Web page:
St. Tropez Travel Guide
Yes, you can get your Prada, Dior, and Dolce & Gabbana in St. Tropez, but the town is also a center for Provençal ceramics. The pair of boutiques that comprise La Maison des Lices specializes in décor for the home and table, including faience dishes, boutis bedcovers, and furniture.
You don't have to have a private yacht to enjoy evening cocktails with a view. Sip pastis at this port-side café and watch the jet set float by.
Its owners used to run a design agency in London, which is apparent the instant you step into the lobby.
A sister to a gallery in Geneva, the recently opened art house specializes in modern and contemporary paintings and sculptures by artists such as Arman, Tolla, and Sportes.
The St. Tropez branch of Paris's high-wattage nightclub has just been renovated. The walls, covered with image-projecting LED-screens, thrum to the beat, as does the crowd.
The hotel's low-key yet elegant bar was once the favorite local watering hole of Errol Flynn (Orson Wells, Rita Hayworth, and Greta Garbo were regular patrons, too).
Stop by for the colorful and fragrant olive-oils soaps at this market. They make excellent souvenirs.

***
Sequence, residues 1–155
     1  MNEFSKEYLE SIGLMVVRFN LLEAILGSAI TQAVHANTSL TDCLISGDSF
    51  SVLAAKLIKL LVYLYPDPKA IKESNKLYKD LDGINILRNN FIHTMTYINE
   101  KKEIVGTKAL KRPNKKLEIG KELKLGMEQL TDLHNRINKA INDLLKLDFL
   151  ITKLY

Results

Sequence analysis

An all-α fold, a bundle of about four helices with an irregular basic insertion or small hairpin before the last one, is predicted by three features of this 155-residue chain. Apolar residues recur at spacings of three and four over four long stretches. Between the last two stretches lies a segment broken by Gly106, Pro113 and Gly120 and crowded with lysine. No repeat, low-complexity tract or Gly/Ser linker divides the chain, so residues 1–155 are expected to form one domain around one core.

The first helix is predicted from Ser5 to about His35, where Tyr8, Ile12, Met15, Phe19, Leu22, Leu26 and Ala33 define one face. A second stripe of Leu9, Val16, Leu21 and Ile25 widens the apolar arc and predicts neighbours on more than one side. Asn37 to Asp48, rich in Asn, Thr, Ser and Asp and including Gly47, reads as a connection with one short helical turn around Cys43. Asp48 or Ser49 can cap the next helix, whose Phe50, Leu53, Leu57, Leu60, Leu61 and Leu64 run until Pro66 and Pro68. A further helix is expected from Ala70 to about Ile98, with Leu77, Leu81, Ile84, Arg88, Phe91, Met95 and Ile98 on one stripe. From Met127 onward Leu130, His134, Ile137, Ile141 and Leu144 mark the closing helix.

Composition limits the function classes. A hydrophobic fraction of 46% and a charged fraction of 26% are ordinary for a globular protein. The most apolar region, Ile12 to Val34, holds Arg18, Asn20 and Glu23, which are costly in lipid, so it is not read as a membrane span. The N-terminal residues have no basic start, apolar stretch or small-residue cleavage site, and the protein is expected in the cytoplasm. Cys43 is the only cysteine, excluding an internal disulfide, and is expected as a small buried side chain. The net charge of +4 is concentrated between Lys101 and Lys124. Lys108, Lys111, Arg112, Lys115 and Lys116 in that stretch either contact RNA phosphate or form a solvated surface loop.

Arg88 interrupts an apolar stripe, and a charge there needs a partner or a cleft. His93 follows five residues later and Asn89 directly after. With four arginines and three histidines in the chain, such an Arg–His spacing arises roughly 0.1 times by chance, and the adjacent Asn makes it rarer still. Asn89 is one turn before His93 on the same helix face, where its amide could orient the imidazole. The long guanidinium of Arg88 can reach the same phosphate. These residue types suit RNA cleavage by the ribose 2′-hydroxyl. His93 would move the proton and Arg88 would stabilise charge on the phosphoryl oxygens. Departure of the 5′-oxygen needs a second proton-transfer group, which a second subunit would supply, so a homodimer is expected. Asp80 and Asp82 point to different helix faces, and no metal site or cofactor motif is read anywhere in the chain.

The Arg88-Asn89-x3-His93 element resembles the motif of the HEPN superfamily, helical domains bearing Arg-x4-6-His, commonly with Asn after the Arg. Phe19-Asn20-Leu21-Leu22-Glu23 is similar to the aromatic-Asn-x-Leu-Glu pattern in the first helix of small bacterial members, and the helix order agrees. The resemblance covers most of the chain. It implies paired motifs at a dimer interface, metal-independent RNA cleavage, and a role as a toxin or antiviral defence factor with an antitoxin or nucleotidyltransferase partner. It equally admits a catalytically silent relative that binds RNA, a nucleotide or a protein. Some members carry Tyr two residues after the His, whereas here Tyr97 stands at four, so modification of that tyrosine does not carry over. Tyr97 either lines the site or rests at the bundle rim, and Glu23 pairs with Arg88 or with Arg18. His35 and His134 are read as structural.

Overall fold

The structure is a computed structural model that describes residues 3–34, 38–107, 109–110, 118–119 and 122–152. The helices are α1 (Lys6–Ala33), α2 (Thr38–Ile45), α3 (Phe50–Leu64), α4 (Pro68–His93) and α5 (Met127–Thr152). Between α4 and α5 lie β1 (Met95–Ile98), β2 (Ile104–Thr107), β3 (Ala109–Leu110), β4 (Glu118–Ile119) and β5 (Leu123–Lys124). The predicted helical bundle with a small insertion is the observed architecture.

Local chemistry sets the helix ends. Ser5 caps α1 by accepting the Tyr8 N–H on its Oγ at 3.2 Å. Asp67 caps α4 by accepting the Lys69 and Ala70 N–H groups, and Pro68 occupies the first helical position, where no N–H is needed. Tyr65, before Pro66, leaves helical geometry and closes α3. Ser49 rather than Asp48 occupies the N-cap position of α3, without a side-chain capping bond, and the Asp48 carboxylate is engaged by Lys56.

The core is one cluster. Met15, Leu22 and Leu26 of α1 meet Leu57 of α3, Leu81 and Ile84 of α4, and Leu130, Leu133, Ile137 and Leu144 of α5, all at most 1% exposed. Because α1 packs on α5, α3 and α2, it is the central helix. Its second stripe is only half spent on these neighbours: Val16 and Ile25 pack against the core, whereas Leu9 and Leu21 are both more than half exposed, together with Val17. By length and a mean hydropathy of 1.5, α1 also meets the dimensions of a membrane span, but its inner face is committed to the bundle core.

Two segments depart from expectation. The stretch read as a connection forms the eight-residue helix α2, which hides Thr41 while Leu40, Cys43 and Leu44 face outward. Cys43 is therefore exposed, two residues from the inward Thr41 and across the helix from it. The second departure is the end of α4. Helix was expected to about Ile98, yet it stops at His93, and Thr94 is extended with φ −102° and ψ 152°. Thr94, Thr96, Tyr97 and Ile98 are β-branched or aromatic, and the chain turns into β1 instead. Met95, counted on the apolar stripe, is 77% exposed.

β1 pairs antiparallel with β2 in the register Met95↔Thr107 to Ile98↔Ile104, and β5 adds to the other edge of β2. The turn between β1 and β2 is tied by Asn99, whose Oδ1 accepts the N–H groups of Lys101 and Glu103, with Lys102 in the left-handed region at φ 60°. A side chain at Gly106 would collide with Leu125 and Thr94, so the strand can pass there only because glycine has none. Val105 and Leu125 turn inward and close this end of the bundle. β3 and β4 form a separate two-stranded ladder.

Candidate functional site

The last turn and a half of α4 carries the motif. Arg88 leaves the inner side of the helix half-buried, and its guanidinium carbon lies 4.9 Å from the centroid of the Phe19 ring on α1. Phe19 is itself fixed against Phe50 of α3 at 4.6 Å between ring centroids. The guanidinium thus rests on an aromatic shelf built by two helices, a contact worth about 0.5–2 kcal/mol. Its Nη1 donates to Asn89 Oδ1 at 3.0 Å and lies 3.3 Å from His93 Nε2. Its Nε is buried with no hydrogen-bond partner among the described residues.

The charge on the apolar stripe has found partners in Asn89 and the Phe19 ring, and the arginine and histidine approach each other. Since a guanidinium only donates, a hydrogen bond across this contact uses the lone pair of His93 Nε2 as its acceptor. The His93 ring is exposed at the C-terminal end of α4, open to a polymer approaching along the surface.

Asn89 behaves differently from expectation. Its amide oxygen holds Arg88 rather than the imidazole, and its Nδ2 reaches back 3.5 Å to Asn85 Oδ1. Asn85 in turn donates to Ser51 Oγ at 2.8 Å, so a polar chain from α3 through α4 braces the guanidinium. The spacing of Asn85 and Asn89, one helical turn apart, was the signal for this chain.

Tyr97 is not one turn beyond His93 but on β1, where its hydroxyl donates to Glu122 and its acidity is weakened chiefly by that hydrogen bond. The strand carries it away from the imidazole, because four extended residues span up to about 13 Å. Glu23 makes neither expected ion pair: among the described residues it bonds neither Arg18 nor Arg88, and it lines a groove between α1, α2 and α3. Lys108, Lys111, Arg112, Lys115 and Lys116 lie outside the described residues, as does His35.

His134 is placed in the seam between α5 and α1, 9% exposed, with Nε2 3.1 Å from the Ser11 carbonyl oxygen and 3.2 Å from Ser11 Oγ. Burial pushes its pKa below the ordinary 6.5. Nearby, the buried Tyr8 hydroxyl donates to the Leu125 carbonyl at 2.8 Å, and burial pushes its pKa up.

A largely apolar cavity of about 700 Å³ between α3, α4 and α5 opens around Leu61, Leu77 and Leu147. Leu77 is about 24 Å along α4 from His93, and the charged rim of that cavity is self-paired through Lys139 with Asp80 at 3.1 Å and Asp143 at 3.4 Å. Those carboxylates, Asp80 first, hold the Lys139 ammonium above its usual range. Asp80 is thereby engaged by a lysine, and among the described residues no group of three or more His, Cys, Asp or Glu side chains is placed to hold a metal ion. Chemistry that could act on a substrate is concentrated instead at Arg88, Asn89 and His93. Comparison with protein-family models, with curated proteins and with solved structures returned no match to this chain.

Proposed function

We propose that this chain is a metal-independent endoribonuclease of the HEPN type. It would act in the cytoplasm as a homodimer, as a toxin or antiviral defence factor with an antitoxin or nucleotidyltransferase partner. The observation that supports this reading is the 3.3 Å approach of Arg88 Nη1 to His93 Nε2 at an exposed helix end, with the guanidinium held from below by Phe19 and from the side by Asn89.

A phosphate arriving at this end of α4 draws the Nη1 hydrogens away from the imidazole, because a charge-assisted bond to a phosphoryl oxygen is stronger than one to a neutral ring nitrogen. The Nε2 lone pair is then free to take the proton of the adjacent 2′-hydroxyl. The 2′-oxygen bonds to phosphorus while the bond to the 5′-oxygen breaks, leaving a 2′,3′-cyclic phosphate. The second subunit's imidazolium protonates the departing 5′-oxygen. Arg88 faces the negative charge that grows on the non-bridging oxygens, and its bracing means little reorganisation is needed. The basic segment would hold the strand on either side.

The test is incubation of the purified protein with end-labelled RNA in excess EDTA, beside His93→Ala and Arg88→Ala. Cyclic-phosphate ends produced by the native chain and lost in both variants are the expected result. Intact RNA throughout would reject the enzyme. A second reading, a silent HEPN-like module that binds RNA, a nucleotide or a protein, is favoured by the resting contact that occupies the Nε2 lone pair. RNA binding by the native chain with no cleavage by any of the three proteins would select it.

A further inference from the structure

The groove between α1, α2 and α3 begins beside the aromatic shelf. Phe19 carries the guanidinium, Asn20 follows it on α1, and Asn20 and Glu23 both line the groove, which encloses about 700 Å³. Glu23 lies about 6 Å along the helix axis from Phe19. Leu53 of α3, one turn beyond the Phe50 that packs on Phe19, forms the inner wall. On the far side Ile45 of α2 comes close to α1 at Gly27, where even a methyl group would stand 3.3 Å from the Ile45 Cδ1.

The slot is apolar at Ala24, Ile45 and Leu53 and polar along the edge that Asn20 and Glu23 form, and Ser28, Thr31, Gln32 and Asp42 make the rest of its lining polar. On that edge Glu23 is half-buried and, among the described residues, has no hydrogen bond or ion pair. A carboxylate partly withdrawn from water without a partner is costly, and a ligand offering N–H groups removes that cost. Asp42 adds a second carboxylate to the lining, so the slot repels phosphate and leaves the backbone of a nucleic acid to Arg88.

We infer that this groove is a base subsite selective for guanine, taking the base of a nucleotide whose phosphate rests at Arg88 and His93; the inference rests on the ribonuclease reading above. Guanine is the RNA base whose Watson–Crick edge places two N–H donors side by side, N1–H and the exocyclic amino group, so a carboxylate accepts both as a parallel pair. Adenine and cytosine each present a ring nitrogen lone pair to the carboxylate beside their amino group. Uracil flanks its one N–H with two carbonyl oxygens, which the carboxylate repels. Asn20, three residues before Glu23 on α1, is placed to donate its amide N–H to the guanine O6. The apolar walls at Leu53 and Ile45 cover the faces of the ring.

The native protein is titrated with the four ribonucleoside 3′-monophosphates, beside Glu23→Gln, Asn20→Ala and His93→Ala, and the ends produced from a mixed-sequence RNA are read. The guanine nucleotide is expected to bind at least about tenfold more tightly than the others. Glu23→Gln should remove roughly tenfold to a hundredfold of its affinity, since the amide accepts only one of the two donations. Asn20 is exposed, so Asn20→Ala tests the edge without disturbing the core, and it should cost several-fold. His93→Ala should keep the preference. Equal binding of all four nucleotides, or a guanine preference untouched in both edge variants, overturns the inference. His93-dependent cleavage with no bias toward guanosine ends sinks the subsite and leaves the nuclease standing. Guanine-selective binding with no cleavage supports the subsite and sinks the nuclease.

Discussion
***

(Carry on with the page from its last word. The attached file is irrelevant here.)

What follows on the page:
One of the most coveted names in French lingerie also does bathing suits, which insiders swear shave 10 pounds off your figure.
The museum devoted to butterflies presents more than 4,500 species, many of them rare or endangered; most have been collected by the artist Dany Lartigue. Tours available by advance request.
Colorful Provençal ceramics, objects for the garden, lotions, and scented candles make ideal gifts for the folks back home.
Take home a swank pair of handmade Tropezienne sandals as a souvenir.
St. Tropez was a magnet for early-20th-century avant-garde artists, among them Matisse, Bonnard, Derain, Dufy, and Seurat, who were invited here by fellow painter Paul Signac.
At the hottest nightclub in town in the hottest hotel in town—the Byblos—you'll have to dress the part; once you get in, be prepared for the most expensive beer of your life ($33!).